6. Don’t Rush to Settle Your Child’s Case

It is likely that an insurance adjuster will contact you within days of your child’s accident. The insurance company will ask several questions about the accident, and depending on the circumstances, may immediately make an offer to settle a claim. It is in the insurance company’s best interest for you to settle quickly. The extent of all injuries is still unknown, emotions are high, and they know parents are more apt to settle for a low amount. However, for you and your child, it is a mistake to settle immediately.

The Florida system is designed to ensure that you receive compensation for your child’s injuries. It takes into account the long-term effects of an injury and potential expenses down the road. These are expenses the insurance companies are trying to minimize. Speak with a personal injury attorney to ensure any amount reflects the medical costs and other expenses related to a child’s injury.

7. Do Not Sign Any Medical Release Forms

Without receiving qualified advice, you shouldn’t sign any medical release forms or other agreements. These documents could sign away your child’s right to a claim or the opportunity to seek full compensation. Protect your child’s rights by discussing any contract with a personal injury lawyer or competent representative.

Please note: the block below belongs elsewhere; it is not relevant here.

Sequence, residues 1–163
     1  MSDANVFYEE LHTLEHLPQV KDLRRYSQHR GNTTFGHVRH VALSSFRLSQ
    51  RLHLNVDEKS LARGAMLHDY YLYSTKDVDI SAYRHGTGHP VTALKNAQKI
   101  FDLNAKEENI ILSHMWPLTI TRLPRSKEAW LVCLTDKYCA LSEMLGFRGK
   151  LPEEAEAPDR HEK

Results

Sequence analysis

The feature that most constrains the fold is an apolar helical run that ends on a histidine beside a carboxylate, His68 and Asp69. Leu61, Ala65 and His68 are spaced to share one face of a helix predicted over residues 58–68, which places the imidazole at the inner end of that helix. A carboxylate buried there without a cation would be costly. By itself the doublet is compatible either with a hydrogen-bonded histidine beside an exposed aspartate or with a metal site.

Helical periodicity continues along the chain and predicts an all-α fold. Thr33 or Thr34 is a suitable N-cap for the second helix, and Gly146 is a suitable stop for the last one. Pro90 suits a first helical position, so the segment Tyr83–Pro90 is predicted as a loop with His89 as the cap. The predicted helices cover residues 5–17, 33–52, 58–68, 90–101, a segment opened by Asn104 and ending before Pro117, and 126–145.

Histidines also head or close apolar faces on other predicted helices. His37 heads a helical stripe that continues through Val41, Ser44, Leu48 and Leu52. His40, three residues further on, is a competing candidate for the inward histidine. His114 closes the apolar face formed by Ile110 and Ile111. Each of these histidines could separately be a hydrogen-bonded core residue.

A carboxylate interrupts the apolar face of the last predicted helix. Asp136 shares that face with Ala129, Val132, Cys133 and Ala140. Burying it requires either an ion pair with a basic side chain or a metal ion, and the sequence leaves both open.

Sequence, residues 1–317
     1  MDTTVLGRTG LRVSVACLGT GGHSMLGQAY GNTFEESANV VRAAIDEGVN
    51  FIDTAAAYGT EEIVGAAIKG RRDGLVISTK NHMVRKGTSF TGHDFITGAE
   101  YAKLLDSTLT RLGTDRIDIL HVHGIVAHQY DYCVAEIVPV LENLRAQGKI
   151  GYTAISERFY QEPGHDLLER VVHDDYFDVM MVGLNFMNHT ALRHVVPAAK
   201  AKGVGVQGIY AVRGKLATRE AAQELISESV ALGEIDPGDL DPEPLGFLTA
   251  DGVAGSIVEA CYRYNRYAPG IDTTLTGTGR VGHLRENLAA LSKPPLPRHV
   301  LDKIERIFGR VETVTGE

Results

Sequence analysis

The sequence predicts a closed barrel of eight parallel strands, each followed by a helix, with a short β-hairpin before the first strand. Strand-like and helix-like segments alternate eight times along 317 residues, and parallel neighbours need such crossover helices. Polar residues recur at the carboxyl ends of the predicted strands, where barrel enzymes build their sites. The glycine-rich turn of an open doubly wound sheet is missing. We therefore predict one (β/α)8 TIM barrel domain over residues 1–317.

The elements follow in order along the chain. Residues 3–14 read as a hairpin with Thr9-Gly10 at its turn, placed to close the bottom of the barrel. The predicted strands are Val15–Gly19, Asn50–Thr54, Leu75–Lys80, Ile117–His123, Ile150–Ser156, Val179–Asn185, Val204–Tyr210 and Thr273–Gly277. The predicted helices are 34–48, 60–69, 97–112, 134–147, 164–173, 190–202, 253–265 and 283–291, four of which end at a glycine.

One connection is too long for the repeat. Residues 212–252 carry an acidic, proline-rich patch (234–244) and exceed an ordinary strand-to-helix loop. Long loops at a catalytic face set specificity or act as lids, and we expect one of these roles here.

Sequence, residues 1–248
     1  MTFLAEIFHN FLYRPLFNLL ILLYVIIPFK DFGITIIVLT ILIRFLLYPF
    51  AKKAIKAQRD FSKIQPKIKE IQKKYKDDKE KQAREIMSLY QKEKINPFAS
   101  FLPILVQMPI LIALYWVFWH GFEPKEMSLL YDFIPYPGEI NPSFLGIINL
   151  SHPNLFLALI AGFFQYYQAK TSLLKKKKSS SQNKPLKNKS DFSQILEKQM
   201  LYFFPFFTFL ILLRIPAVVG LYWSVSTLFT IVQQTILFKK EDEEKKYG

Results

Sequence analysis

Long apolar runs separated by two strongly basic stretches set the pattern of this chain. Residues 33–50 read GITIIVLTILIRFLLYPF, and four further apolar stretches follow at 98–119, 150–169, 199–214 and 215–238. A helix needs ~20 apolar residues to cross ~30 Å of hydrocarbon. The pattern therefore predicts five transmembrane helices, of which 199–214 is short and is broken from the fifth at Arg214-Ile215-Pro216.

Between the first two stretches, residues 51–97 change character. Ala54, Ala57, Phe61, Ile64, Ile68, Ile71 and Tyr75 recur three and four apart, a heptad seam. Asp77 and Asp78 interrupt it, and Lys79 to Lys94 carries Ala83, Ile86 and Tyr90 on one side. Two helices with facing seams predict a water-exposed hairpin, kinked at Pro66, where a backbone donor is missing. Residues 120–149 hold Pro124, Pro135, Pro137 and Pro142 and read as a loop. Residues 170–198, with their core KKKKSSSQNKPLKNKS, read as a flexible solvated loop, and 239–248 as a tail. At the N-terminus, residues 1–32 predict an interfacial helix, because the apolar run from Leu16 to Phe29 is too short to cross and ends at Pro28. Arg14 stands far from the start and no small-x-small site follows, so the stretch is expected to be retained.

8.  Do Not Hide Information from Your Lawyer 

Honesty and candor with your child’s personal injury lawyer is essential. This means discussing every aspect of the case, even if it could negatively affect damages or the outcome. A lawyer can mitigate harmful or unflattering facts only if they are known prior to negotiation or trial. Surprises during mediation, arbitration, or in court do far more damage to claim.

Early in the process, your lawyer should discuss the parameters of attorney-client privilege and confidentiality. Both concepts are important means for a lawyer to protect personal information and circumstances of your case.

9. The Court May Appoint a Guardian Ad Litem

Florida has put specific procedural safeguards in place to protect the interests of the injured child. One of these safeguards regards settlement of a claim over $15,000. If the settlement amount is under $15,000, a parent may settle the case without the approval of the court. Settlements over $15,000 require a judge’s approval and appointment of a guardian ad litem.

The guardian ad litem will investigate the facts of the cases, look at medical records and evidence of injuries, and talk to the parents or guardian of the minor.  Then the guardian ad litem must prepare a report based on this information. The parties go before a judge for a hearing during which the judge will then decide to approve or disapprove the settlement.

10. Hire an Experienced Child Personal Injury Lawyer

An experienced personal injury lawyer makes all the difference at those moments when you need support and knowledge the most. Our Miami personal injury law firm, we understand that a good lawyer gives you peace of mind, which is essential when the personal injury case involves a child. Contact our Miami office for a complimentary consultation by calling toll-free at 1-866-597-4529, locally at (305)441-0440, or by reaching us by email at [email protected] or via SKYPE to arrange a confidential initial consultation.